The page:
Prior to the introduction of Lates niloticus, a balance between predators and prey species had evolved in Lake Victoria. Adaptations by both predators and prey had ensured that extermination of a species would not occur as a result of predation.
Since its introduction into Lake Victoria, Lates niloticus has become established as the dominant species and now makes up 50% of the fish landings from the lake. L. niloticus demonstrates a natural ontogenic change in diet but also has the capability of adjusting its feeding habits to take advantage of the most abundant food source. In Lake Victoria, as in other lakes where Lates has been introduced, many endemic prey-species have been almost elimimated and the Lates population is now largely cannibalistic.
step 1. Inclusion
River Victoria was molded by the tectonic moves into the middle-Pleistocene (Fryer and Iles, 1972). The new river has a body section of throughout the 68,800 filipino cupid km dos , a maximum depth out of 79m and you can a suggest depth regarding 40m.
Of the estimated 200 species of fish occurring in Lake Victoria, about 3040% are piscivorous. The principal predatory fishes are Lates niloticus, Bagrus docmac, Clarias mossambicus, Schilbe mystus and some species of Haplochromis (sensu lato). Other predators in Lake Victoria include fish-eating birds, fish-eating snakes, crocodiles and otters. The lake supports important commercial fisheries based mainly on Oreochromis esculentus, Oreochromis variabilis, Bagrus docmac, Clarias mossambicus, Protopterus aethiopicus, Labeo victorianus, Schilbe mystus, the introduced Lates niloticus and Oreochromis niloticus.
Predator-prey interactions between the fish species in Lake Victoria are poorly documented. Descriptions of the relationship between various fish species and their prey have been made by Graham (1929), Corbet (1961), Okedi (1970), Hamblyn (1966) and Gee (1969). The relationship between Bagrus docmac and its prey species in Lake Victoria has been described by Chilvers and Gee (1974) and Ochieng’ (1982). Ogari (1984) described the relationship between Nile perch and its prey species in the Nyanza Gulf.
This paper covers a literature review on patterns of predation, including the major defences adopted by prey species, and includes a description of the relationship between Lates niloticus and its prey in the Nyanza Gulf of Lake Victoria.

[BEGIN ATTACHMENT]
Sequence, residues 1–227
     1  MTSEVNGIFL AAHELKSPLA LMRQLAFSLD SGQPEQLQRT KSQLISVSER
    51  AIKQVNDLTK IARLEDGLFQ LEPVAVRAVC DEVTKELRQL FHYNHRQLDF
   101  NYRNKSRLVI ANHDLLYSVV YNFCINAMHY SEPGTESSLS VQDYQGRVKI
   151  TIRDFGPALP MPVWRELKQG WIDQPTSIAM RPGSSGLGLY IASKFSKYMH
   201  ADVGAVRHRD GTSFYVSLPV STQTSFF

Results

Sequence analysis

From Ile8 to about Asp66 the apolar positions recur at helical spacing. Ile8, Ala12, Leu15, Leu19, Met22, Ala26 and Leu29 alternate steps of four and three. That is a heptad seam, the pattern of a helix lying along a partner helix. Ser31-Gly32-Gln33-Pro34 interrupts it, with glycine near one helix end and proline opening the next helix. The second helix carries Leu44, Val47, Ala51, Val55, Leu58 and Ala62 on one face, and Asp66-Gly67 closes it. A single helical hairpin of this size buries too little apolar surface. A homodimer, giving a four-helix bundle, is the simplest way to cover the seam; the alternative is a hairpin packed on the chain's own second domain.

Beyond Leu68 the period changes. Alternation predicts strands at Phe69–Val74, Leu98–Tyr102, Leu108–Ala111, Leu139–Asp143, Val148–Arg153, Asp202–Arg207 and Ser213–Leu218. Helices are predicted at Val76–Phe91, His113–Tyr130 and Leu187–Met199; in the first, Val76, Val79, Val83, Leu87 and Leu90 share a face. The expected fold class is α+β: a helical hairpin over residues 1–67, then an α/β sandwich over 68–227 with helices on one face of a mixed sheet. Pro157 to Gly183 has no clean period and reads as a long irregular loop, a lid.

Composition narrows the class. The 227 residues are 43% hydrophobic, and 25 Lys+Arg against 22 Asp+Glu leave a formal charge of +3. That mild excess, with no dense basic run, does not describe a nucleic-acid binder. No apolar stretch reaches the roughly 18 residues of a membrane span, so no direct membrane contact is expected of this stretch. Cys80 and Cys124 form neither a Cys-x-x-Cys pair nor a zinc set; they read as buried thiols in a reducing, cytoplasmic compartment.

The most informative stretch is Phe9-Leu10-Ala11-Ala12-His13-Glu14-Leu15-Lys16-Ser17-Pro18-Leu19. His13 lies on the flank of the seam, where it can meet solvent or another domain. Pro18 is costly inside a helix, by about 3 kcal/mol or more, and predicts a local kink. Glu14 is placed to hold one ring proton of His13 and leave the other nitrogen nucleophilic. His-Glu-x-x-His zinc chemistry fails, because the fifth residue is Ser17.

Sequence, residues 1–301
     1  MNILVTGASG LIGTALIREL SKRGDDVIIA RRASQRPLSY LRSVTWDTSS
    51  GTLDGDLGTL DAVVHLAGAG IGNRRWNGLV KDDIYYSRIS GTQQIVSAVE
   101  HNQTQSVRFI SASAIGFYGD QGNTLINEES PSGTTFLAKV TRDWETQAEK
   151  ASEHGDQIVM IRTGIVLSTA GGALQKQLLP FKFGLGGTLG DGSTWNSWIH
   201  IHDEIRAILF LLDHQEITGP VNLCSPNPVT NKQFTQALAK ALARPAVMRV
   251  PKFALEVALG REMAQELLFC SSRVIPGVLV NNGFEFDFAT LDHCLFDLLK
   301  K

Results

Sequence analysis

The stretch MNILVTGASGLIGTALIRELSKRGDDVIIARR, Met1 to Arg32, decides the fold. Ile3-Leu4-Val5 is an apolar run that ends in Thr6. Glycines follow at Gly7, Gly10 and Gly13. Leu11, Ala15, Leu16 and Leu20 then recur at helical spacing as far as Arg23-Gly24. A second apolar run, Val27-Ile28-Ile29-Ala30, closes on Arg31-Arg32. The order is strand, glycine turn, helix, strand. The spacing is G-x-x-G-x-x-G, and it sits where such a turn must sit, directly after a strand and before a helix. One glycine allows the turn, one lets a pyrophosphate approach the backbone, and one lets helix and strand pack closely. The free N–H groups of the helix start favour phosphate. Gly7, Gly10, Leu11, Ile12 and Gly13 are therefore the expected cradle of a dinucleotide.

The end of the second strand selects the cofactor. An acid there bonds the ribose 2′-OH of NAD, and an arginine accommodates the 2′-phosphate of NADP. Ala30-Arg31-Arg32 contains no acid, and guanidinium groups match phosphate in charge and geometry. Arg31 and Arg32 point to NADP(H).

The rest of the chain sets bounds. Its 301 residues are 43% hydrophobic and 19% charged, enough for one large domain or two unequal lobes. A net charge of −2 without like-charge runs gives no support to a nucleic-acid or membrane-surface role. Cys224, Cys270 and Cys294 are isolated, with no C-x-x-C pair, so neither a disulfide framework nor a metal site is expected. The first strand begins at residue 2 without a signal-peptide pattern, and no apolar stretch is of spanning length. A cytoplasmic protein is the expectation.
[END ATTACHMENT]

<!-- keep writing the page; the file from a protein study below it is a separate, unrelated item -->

2. Literature Review
Predators and prey have a wide spectrum of adaptive strategies to cope with their interactions. Predators are aided by morphological adaptations, which aid in pursuing, detecting and digesting prey. Most of the predatory fishes in Lake Victoria have streamlined bodies, large mouths and large eyes. Fryer (1965) described Lates niloticus as “swift” and Bagrus and Clarias as “lurkers”. Fryer and Iles (1972) reported that among members of the genus Haplochromis in Lake Victoria, the piscivorous species are larger in size (average maximum length 21.6cm). They described experiments to determine visual orientation for prey location using Haplochromis gowersi in Lake Victoria. Hamblyn (1966) performed similar experiments using Lates niloticus in Lake Albert. In both cases the predator seized and swallowed its prey whole, taking the prey in head first, however, H. gowersi chewed large prey before swallowing.
Prey fish have morphological and you will behavioural adjustment to own securing by themselves away from predators. Lowe-McConnell (1975) indexed certain systems seafood use to stop predators, like schooling, amendment regarding body shape and you may the colour, hands regarding spines, oral incubation, guarding away from egg and you may young etc. These adaptations do not manage complete shelter but may are designed to improve likelihood of emergency (Popova, 1978).
Schooling of fish in Lake Victoria is common among such pelagic open-water species as Rastrionebola argentii, Alestes jacksoni and some Haplochromis species. Fryer and Iles (1972) explained that protection appears to be conferred by schooling because a predator presented with a single item of food receives only one set of stimuli which direct it to its prey, whereas confrontation with a school causes it to receive numerous conflicting stimuli which block the feeding response. They also mention that such an advantage will be greatest when the fishes are small and therefore vulnerable to predation. Hopson (1972 1975) observed leaping behaviour among small characins and Rastrionebola stellae in Lakes Chad and Turkana respectively. He concluded that such evasive movements were intended to assist the prey species escape predationparable behaviour has been observed among the pelagic species of Lake Victoria (pers. obs.)